The Android Malware Invasion: Here Are Three of the Worst

This year, Android malware is expected to increase 200% when compared with its level in 2013. According to researchers at G Data, over 6,000 Android malware samples a day were discovered in the second quarter of 2015. There are a number of reasons for this startling increase. First of all, over 64% of the world uses Android devices (48% in the U.S.). This alone shows attackers that this operating system holds loads of potential riches. Secondly, more and more people are making payments through their Android devices, and this is expected to increase exponentially over the next 5 years. Thus, attackers can position themselves to ride these mobile devices right into the users’ bank accounts. But the main reason that malware makers are targeting Android, and smartphones specifically, is that so many mobile device users simply don’t believe that malware is a problem. Many still believe that viruses are the purview of desktop computers. Mobile devices are, therefore, the low-hanging fruit of the hackers’ world.

With this in mind, I decided to look at three of the most prevalent and dangerous malware packages now making the rounds. To make this list, I rated various malware samples on the cleverness of their attack vector, the ability to remain unseen, the potential danger posed by the malware, the number of victims, and the difficulty of removing it. Obviously, with millions of malware samples available, I can’t look at them all, but keep in mind that many are based on similar architectures with slight variations.

NGE Mobi

(Identified by FireEye on September 22)

 The name comes from the mobile app promotion company based in, who would have guessed, China. They guarantee that app designers who use their service will get lots of downloads. Hmm, that sounds somewhat suspicious. How on Earth could they do that? Well, the company preys on users who download apps from third party app stores/sites. These apps appear legitimate and will work, but hidden within them is the malware which does the ‘promotion’ work. Some of the apps compromised so far have been, Amazon, Memory Booster, Clean Master, PopBird, YTD Video Downloader, and Flashlight. You can expect many more to be compromised in the future.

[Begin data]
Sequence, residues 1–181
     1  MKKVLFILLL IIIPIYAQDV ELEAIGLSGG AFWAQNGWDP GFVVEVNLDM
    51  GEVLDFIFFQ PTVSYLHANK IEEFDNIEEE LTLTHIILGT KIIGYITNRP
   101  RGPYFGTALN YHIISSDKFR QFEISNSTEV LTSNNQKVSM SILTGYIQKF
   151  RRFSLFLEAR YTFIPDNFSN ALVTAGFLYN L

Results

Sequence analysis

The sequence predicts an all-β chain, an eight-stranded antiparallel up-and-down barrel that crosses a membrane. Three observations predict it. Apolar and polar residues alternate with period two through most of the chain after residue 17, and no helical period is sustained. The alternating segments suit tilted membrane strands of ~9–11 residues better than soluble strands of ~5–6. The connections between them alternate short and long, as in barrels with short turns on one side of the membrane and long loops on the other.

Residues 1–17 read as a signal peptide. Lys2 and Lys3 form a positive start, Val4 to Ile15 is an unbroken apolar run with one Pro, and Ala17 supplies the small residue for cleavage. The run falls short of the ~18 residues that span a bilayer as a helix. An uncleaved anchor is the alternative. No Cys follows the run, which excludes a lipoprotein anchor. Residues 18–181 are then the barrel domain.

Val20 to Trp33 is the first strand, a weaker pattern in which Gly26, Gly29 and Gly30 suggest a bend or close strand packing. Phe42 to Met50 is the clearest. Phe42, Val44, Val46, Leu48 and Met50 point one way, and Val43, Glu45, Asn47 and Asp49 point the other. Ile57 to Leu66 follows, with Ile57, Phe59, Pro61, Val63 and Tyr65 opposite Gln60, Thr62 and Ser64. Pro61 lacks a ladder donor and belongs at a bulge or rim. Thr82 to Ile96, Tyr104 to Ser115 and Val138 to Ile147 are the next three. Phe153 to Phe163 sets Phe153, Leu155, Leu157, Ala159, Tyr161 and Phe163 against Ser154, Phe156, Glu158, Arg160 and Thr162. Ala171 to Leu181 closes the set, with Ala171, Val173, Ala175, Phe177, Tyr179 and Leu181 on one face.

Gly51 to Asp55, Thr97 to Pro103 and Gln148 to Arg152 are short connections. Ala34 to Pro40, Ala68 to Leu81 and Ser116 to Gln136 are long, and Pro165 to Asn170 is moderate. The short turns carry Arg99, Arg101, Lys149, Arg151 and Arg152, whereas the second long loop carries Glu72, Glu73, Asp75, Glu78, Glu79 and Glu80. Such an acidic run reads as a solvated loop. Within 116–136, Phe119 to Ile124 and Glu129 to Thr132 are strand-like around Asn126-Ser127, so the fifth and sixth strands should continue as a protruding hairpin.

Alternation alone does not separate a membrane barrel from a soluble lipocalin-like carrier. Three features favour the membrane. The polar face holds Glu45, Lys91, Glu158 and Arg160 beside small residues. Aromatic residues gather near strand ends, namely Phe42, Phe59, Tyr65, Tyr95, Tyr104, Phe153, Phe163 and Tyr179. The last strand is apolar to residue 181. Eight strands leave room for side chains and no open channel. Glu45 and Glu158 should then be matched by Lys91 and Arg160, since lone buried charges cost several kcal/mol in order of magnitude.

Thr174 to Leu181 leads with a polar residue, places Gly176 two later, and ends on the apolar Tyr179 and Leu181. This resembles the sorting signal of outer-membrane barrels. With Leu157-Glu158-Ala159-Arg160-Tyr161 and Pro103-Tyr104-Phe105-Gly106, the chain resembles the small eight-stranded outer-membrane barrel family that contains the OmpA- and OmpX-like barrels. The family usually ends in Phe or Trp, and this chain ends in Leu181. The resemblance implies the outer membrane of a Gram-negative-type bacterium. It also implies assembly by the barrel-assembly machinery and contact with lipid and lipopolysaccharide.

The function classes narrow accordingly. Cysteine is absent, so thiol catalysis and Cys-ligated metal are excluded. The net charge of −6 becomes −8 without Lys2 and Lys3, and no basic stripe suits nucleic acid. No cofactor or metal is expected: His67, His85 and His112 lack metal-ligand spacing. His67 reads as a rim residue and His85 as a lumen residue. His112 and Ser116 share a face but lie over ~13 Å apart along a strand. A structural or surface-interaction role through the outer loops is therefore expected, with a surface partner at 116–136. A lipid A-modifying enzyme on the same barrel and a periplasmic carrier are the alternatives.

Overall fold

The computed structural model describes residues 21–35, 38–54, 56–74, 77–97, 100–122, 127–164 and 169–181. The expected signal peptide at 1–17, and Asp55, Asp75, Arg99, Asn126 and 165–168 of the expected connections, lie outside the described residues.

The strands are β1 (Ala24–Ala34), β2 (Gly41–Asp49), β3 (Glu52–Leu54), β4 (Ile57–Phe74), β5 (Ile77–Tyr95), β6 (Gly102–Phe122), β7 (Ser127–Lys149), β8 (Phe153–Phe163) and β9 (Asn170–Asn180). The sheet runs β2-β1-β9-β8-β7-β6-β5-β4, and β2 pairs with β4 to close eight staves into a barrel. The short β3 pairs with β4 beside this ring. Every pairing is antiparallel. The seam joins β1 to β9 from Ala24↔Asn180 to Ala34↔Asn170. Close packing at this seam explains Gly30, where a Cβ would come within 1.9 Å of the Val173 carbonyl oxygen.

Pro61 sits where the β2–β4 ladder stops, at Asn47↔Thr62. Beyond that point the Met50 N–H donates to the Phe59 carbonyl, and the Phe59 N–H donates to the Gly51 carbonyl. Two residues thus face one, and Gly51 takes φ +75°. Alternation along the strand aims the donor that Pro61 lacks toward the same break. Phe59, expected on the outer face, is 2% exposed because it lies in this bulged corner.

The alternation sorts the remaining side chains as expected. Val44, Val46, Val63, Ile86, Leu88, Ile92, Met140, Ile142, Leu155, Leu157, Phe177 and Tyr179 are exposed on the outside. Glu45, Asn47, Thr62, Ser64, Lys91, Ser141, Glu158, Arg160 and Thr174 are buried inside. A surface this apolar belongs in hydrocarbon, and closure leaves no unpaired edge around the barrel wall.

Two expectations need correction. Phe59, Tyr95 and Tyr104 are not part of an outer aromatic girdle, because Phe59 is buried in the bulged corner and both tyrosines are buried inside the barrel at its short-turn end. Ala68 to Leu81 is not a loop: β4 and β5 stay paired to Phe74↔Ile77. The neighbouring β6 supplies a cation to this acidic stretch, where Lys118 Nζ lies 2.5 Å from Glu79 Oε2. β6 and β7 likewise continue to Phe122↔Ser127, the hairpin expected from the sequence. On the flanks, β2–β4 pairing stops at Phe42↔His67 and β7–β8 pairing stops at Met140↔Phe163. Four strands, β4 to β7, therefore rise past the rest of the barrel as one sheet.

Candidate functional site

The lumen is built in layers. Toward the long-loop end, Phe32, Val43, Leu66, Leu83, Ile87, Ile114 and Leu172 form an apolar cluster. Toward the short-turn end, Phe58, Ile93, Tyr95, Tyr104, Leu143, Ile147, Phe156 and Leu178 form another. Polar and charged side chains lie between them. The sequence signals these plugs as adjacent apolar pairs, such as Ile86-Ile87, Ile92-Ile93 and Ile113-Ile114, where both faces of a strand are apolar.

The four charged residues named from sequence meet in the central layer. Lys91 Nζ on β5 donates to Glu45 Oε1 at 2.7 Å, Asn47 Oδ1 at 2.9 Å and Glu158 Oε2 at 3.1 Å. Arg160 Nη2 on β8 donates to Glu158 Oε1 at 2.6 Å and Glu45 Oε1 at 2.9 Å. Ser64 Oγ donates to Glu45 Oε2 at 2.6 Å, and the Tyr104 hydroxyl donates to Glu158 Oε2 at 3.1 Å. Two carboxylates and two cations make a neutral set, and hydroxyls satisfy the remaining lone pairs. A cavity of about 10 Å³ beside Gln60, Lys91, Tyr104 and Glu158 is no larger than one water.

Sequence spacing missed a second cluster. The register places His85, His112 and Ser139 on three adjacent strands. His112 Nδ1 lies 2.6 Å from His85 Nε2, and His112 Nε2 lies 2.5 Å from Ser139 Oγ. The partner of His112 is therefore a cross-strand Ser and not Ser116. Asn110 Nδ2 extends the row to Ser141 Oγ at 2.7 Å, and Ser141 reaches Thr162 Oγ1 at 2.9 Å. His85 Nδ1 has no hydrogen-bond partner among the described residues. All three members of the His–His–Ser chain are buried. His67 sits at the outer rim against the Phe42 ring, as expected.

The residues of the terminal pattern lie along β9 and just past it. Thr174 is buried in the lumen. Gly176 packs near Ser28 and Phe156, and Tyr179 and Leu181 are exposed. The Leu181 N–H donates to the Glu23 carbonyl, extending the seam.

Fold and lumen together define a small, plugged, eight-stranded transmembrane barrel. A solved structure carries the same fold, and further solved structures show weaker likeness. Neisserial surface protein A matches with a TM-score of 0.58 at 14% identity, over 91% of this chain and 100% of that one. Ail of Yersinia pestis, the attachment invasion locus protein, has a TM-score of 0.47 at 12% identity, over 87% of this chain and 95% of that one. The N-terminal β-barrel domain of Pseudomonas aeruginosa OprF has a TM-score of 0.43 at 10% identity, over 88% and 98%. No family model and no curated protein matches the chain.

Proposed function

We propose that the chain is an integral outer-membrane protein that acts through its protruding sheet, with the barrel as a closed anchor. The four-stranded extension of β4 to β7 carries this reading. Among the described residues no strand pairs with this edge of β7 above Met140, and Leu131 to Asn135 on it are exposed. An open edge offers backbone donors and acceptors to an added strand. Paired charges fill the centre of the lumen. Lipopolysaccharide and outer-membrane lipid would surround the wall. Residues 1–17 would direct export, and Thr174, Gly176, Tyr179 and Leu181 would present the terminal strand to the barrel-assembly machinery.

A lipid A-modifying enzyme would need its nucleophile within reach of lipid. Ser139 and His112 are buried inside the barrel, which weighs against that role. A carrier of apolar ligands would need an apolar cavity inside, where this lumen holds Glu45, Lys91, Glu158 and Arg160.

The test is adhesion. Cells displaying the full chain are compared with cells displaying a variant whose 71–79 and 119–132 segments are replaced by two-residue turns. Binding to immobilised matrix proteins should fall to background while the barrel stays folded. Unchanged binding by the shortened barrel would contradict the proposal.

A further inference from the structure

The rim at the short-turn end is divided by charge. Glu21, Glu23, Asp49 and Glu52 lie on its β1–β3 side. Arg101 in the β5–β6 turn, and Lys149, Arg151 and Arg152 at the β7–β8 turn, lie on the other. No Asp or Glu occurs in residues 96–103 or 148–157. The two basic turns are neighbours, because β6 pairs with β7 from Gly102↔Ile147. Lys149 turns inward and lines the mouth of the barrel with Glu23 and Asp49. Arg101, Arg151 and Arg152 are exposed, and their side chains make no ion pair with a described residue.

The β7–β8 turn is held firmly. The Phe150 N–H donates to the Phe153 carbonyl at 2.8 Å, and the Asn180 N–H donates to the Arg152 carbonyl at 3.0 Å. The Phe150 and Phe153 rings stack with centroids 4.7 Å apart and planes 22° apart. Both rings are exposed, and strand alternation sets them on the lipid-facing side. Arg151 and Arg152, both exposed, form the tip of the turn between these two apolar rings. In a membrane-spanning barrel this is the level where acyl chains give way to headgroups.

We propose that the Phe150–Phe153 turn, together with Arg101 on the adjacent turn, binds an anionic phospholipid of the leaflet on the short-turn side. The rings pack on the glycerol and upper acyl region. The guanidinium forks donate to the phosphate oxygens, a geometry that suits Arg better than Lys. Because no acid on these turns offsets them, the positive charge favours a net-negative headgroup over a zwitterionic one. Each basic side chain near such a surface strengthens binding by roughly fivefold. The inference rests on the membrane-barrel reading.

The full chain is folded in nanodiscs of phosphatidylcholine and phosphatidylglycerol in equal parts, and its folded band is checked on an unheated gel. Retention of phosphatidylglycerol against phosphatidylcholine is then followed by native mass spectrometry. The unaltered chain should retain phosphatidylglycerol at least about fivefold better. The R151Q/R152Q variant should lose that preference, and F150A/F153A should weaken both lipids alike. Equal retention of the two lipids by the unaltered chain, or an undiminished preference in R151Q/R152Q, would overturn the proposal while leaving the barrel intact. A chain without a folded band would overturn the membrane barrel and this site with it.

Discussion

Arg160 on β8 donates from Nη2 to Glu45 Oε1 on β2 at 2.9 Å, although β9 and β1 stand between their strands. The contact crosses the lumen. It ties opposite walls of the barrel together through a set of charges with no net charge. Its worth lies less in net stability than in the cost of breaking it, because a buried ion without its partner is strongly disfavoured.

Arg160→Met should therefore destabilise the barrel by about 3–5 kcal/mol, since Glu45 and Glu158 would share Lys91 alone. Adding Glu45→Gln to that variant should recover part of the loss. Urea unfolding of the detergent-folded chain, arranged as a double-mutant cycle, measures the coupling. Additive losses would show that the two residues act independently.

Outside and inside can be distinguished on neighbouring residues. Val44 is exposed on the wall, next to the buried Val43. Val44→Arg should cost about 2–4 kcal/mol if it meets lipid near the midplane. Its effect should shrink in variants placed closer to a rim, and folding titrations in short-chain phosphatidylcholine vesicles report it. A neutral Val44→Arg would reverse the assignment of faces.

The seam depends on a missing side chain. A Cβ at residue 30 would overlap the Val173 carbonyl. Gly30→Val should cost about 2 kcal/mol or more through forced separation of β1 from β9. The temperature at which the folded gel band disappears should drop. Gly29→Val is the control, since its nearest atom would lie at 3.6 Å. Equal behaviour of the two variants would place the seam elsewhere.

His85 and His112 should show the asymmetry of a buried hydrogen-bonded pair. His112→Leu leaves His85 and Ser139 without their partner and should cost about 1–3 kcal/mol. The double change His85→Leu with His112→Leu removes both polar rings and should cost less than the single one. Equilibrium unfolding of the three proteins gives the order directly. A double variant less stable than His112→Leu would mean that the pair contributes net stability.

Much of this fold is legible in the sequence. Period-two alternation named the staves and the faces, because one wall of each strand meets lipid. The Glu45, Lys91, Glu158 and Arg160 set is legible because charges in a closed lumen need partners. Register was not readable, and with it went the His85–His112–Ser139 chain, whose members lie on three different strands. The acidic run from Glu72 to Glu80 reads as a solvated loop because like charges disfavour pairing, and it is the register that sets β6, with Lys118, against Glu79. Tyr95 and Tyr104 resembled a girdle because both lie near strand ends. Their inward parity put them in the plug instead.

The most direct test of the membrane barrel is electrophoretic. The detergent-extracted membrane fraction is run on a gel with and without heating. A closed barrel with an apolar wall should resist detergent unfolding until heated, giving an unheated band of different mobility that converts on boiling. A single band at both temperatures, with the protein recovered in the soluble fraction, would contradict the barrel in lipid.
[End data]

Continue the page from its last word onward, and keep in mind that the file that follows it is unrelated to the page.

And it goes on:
The attack process can be seen in the following diagram:


To put it simply, the malware uses third party apps to take full control of your device and then use it to promote various apps or advertising, which makes their customers happy and, hopefully, rich. NGE Mobi appears similar to another recently discovered malware named, Ghost Push, which also promotes apps and ads.

NGE Mobi tricks the victim into automatically downloading and installing apps, bypassing any necessary permission acceptance. If a user clicks on an ad for an app, it will be instantly installed and be nearly impossible to remove, since these apps can be set to boot in when the phone is activated. Even a factory reset can’t remove them. It’s the fact that these apps can’t be removed that makes the victim begin to think that something is wrong with their device. Since the attacker has complete control of the device, they can do whatever they want with it. Users may think the malware is nothing more that an annoyance as it puts apps on the device that are so persistent. However, the potential exists for future variants of NGE Mobi to become quite dangerous and do much more than just promote apps and ads.

Mapin Trojan

(Identified by ESET on September 22)